Covid -19: Morocco prisoners make masks for fellow inmates

Covid -19: Morocco prisoners make masks for fellow inmates

Prisoners in Morocco are doing their bit in the country’s fight against the spread of coronavirus by making thousands of face masks for fellow inmates.

“We feel like we are contributing to the collective effort, even if it’s from behind prison walls,” 40-year-old Khalid, wearing a white coat and a face mask, told AFP during an interview in the presence of prison management.

An inmate at Casablanca’s Ain Sebaa prison — the kingdom’s most crowded jail, with some 8,000 inmates — Khalid leaves his cell every day for the sewing workshop, passing through long corridors that reek of disinfectant.

He finishes off the masks while others cut the fabric or pack the protective items into plastic bags for distribution to some 80,000 prisoners across the country.

The North African kingdom has officially declared 7,300 coronavirus infections, including 197 deaths.

Morocco prisoners make masks for fellow inmates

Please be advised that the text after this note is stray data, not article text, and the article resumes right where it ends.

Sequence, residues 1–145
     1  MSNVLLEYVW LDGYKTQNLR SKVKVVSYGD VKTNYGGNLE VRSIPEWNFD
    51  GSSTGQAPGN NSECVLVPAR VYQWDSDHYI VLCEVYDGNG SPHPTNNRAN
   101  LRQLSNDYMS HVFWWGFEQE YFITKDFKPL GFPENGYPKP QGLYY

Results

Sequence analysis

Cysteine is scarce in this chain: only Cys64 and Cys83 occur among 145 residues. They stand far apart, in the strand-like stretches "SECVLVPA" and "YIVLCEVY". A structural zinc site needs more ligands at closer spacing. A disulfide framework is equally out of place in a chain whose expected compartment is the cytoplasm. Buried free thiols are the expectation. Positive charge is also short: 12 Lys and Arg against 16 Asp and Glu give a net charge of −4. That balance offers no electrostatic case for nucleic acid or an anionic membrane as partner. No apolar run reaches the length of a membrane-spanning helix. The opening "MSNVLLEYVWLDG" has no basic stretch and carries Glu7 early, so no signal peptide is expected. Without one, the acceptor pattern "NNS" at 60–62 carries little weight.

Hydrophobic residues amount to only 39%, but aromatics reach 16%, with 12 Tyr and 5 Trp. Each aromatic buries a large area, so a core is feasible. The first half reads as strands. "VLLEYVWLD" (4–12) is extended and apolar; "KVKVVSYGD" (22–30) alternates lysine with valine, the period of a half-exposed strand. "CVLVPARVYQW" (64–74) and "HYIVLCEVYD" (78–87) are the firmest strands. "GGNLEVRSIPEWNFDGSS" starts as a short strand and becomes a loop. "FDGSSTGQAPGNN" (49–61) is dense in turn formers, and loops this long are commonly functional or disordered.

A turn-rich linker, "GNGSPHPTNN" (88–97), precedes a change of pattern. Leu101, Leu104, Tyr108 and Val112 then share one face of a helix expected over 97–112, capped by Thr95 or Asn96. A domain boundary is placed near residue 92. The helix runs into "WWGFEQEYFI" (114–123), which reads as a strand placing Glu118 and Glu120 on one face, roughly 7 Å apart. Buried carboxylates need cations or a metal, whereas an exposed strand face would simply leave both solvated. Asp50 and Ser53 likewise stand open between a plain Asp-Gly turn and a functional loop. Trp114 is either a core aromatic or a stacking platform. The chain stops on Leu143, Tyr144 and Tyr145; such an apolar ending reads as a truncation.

It has extended its lockdown until June 10, and anyone going outdoors requires authorisation and must wear a mask.

Police checks are frequent, and those caught risk up to three months in prison and a fine of up to 1,300 dirhams ($130) for violating the rules.

One of the aims of the pilot programme, launched at Ain Sebaa prison at the start of May, is to “foster a spirit of citizenship” among detainees and “help them to manage their detention during the lockdown”, prison management said.

Since Morocco declared a medical state of emergency in mid-March, prison visits and any activities that require outside intervention have been halted.

Hospital visits are limited to emergencies, while court attendance has also been suspended, with hearings held via video conference.

Over 300 virus cases have been recorded among inmates in the country’s prisons, with about a quarter of infections among personnel, according to official figures.

Rights groups have urged authorities to release some detainees to limit the risk of infection among the country’s notoriously overcrowded prisons.

At the start of April, King Mohammed VI pardoned more than 5,600 prisoners.

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